As far as tea drunkenness is concerned, I have to confirm what others have already written. I will not say that this tea is completely without effects, but there is nothing really worthy of a description. In the end I just set out to have my lunch because it was getting late, and certainly not because I had to balance out my tea session.

Flavors: Candy, Dried Fruit, Honey, Orchid, Plums, Resin

Preparation
205 °F / 96 °C 0 min, 30 sec 1 tsp 120 OZ / 3548 ML

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80
11 tasting notes

Drinking my second cake of this lovely tea now. Until now I have enjoyed every cup of this. This black tea really has its own personality, with a very distinct smell that I associate to dried fruits such as raisins or apricots. A strong smell for a black tea. It does not easily become bitter, and the cup is nicely full-bodied. This isn’t a ‘fancy’ tea really, it isn’t complex or very refined, but it’s just very enjoyable, every time. And the cake shape makes it a lot of fun!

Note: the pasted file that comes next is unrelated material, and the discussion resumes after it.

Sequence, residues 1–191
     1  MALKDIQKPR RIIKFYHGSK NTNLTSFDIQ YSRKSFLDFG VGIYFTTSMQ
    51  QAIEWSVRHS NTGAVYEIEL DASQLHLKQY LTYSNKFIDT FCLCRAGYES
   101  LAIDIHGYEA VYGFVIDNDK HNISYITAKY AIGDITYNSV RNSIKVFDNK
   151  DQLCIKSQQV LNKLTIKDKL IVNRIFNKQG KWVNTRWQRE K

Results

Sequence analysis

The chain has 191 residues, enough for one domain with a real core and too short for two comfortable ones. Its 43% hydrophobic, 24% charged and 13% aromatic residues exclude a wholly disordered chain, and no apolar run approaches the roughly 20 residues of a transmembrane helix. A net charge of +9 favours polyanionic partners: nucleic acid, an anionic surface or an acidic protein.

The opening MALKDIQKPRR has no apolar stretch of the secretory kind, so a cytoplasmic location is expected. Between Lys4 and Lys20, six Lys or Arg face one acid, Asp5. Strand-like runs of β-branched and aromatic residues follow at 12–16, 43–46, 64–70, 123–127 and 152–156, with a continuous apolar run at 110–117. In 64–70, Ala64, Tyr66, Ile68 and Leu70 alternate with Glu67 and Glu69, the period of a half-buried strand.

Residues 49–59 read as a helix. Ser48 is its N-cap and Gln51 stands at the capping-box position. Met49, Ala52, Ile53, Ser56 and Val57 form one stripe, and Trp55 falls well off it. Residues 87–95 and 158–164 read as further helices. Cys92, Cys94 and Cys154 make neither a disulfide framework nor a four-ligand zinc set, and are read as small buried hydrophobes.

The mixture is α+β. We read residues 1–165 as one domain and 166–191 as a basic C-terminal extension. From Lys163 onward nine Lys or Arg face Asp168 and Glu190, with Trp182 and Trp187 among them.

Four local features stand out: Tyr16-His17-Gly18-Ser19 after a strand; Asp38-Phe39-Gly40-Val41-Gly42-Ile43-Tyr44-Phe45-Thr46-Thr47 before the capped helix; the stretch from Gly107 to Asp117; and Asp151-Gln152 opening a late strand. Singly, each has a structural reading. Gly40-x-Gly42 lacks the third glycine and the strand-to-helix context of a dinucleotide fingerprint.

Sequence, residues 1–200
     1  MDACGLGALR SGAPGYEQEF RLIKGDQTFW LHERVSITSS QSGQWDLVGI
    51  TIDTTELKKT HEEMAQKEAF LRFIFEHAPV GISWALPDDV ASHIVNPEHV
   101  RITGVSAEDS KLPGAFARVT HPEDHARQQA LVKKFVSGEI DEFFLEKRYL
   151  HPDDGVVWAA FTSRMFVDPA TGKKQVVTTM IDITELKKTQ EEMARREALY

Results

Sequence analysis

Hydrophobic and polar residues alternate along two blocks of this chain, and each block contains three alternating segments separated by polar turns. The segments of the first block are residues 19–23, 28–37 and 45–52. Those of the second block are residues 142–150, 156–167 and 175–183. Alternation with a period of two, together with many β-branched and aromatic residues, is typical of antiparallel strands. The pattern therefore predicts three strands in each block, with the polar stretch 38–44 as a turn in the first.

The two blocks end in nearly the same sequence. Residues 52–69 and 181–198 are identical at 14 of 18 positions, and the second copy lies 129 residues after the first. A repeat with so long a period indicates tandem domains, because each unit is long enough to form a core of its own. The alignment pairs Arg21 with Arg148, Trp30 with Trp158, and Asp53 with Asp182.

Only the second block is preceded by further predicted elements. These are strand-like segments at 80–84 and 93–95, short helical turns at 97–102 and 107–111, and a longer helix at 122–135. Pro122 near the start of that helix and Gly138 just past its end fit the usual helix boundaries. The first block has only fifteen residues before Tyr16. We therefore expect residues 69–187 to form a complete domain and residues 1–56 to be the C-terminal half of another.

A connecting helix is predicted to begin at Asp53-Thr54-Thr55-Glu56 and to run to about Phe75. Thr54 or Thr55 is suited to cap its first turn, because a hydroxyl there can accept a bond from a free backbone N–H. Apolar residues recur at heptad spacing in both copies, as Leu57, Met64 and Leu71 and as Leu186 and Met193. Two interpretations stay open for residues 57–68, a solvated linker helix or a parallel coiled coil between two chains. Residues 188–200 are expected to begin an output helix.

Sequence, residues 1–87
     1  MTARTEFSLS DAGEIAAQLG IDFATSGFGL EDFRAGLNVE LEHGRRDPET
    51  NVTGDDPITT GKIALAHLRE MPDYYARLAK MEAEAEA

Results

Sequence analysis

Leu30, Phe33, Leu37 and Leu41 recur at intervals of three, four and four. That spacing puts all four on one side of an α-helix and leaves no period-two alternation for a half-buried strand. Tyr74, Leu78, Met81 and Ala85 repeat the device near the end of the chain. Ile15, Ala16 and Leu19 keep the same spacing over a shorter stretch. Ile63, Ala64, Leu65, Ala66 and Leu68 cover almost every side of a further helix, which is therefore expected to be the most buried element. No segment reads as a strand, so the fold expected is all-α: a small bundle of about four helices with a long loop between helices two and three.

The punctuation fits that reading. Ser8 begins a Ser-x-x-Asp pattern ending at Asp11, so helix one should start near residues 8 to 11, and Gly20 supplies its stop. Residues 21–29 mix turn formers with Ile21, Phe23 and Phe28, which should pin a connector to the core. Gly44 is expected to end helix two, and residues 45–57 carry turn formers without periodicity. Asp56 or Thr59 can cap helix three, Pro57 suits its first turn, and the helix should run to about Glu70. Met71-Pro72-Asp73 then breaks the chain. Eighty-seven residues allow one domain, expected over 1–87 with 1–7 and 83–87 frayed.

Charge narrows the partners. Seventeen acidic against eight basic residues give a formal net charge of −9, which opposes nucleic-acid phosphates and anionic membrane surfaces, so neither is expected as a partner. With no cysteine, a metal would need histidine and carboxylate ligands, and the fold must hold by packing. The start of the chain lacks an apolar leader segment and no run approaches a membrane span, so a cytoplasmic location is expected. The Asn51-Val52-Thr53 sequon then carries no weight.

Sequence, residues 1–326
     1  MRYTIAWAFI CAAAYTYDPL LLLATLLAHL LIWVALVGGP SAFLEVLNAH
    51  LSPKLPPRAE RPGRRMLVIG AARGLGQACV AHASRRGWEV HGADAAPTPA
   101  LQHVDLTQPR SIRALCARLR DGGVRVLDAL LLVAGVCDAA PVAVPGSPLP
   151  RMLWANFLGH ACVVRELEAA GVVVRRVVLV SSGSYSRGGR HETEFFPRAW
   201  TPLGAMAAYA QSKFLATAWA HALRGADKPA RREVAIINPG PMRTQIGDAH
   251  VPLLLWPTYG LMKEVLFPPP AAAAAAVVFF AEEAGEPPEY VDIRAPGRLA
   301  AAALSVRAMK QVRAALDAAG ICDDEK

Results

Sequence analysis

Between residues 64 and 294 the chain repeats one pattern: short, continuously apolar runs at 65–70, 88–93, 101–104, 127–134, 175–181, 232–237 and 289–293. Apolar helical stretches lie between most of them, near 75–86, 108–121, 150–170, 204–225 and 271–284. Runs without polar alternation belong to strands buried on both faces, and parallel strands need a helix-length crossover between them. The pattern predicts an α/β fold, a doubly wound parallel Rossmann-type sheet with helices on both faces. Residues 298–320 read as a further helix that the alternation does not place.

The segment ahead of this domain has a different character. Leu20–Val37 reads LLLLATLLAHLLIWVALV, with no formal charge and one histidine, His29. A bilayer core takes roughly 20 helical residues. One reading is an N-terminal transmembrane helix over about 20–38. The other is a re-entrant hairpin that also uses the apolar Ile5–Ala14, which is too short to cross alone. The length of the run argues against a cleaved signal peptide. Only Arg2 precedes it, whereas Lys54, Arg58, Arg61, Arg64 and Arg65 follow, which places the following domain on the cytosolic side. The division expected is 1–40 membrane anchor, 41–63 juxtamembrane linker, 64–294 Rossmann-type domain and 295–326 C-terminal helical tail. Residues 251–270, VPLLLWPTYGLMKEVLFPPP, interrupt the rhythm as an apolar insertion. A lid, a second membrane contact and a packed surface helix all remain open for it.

Flavors: Apricot, Fruity, Malt

Preparation
205 °F / 96 °C 2 min, 0 sec 2 g 7 OZ / 200 ML

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80
31 tasting notes

Ok, I’m still very new to tea. This is my first whole compressed cake. I used about 5 grams with boiling water, so it was a bit strong in my 7oz teapot. Ok, I noticed some astringency and fruity notes on the citrus side. I think I brewed it too strong so as taboo as it is I added a splash of light agave nectar and it was yummy. this tea reminded me of the typical teas you get in a Chinese restaurant. I like it but again I don’t have much to compare it to, I’m still a tea newb. I will try again in a few months and since I have two cakes think I will try making it iced. I think it would be good iced. It’s a good tea but not uber fantastic. Smoke notes and fruit with high tannins for the most part. Brewed 30seconds then added more time with each infusion, lost it’s umph around infusion 5

Preparation
Boiling 0 min, 30 sec 5 g 7 OZ / 207 ML